Definitions of antisemitism: a quick guide

6 Oct 2016 by Dave Rich

One of the more curious things said by Jackie Walker, recently suspended by the Labour Party and removed as Vice-Chair of Momentum (although retained on its Steering Committee) for comments she made at a Labour Party training event on antisemitism, was that she hasn't "heard a definition of antisemitism that I can work with".

To aid Jackie, and for anybody else wondering about definitions of antisemitism, here is a quick guide to some of the definitions currently in use:

UK Government hate crime definition

The UK Government Hate Crime Action Plan 2016 defines a hate crime as follows:

Any crime that is motivated by hostility on the grounds of race, religion, sexual orientation, disability or transgender identity can be classed as a hate crime.

There are three categories of hate crime in legislation:

  • incitement to hatred offences on the grounds of race, religion or sexual orientation;
  • specific racially and religiously motivated criminal offences (such as common assault); and
  • provisions for enhanced sentencing where a crime is motivated by race, religion, sexual orientation, disability or transgender identity.

The Action Plan also cites this definition of "hate motivation", taken from the College of Policing's Hate Crime Operational Guidance:

Hate crimes and incidents are taken to mean any crime or incident where the perpetrator’s hostility or prejudice against an identifiable group of people is a factor in determining who is victimised.

CST definition of an antisemitic incident

CST defines an antisemitic incident in the following way:

CST classifies as an antisemitic incident any malicious act aimed at Jewish people, organisations or property, where there is evidence that the incident has antisemitic motivation or content, or that the victim was targeted because they are (or are believed to be) Jewish.

CST divides antisemitic incidents into six categories: there are detailed descriptions of these categories in our leaflet, Definitions of Antisemitic Incidents.

CST deals with antisemitic discourse differently from incidents, and CST's Antisemitic Discourse Reports contain a selection of legal and non-legal definitions of antisemitism.

 College of Policing Hate Crime Operational Guidance

The UK College of Policing, in its Hate Crime Operational Guidance (published in 2014), includes a definition of antisemitism that was previously developed by the European Union Monitoring Centre on Racism and Xenophobia (EUMC), which has since been replaced by the European Union Agency for Fundamental Rights (FRA). This definition, according to the College of Policing, does not replace the legal definition of a hate crime (as set out in the Hate Crime Action Plan, above) but "helps to explain some of the characteristics that may be present in antisemitic hate crime. These include circumstances that amount to hate crimes and those that are likely to be non-crime hate incidents." In other words, it is a practical guide to help recognise when antisemitism might be present, rather than a legally-binding definition. It reads:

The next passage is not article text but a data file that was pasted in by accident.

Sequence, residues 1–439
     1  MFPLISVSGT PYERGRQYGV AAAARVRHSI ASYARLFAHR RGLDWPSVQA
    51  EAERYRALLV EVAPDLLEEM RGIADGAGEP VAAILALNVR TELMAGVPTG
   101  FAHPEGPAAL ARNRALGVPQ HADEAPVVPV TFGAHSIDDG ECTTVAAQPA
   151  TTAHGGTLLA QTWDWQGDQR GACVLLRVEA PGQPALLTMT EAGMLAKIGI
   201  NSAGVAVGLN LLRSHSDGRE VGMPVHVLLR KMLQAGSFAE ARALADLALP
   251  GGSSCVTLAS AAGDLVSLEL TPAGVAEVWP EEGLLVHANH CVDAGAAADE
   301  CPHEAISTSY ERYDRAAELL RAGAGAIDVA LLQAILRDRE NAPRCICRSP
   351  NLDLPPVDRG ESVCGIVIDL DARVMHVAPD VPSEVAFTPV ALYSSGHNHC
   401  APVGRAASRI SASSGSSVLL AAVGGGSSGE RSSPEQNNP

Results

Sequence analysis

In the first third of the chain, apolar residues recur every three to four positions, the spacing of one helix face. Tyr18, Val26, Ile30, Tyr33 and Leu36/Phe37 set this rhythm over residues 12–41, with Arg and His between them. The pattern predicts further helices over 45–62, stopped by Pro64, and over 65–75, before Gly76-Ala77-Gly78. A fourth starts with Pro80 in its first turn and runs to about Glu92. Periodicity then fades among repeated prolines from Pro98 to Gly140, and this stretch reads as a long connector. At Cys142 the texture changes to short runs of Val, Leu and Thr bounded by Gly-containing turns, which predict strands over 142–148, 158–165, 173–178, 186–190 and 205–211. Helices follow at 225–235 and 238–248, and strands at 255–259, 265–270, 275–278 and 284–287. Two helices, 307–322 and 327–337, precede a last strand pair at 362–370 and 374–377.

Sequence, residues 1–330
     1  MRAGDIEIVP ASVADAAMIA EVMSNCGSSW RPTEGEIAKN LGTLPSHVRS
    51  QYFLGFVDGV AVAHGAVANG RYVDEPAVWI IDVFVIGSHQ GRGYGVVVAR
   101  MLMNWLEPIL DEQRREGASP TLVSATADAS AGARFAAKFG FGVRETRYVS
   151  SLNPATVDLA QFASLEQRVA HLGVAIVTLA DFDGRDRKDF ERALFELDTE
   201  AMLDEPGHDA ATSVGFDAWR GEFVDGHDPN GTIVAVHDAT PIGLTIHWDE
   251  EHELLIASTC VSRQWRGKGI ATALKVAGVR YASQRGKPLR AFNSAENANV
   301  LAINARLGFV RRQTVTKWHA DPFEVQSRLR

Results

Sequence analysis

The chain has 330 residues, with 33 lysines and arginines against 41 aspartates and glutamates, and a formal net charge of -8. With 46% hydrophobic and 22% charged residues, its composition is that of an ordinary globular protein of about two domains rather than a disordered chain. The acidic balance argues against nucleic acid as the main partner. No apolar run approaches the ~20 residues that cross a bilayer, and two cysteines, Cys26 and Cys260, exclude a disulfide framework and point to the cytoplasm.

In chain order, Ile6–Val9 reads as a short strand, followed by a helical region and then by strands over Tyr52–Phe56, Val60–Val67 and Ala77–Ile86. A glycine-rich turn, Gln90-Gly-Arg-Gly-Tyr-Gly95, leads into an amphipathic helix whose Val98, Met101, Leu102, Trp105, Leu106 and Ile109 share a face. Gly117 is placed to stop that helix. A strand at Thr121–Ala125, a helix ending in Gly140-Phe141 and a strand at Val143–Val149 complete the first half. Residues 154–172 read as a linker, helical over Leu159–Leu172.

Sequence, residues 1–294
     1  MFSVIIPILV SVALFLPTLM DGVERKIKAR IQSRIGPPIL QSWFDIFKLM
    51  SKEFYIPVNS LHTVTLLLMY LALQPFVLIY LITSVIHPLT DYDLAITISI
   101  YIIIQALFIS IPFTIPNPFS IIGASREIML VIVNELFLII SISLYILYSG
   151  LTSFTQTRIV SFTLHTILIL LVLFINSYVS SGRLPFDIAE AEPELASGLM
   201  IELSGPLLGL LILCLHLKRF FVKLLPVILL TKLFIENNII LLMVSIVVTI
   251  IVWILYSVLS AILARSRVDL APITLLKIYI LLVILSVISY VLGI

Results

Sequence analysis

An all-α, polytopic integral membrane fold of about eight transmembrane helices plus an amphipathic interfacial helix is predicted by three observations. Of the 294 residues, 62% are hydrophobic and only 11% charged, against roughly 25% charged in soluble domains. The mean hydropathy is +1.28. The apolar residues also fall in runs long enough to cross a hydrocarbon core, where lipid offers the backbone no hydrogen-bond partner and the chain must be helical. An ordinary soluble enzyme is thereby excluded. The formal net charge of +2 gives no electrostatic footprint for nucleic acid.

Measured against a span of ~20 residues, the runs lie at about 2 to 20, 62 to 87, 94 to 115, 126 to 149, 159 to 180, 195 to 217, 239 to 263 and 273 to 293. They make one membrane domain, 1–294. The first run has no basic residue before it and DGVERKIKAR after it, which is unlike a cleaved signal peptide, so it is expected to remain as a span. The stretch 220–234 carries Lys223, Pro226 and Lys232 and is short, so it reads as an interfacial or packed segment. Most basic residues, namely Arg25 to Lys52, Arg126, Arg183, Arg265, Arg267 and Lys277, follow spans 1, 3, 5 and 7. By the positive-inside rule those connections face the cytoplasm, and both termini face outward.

Antisemitism is a certain perception of Jews, which may be expressed as hatred toward Jews. Rhetorical and physical manifestations of antisemitism are directed toward Jewish or non-Jewish individuals and/or their property, toward Jewish community institutions and religious facilities.

Such manifestations could also target the State of Israel, conceived as a Jewish collectivist [sic]. Antisemitic hostility frequently charges Jews with conspiring to harm humanity, and is often used to blame Jewish people for ‘why things go wrong’. It is expressed in speech, writing, visual forms and action, and employs negative stereotypes and character traits.

Contemporary examples of antisemitism in public life, the media, schools, the workplace, and in the religious sphere could include, but are not limited to: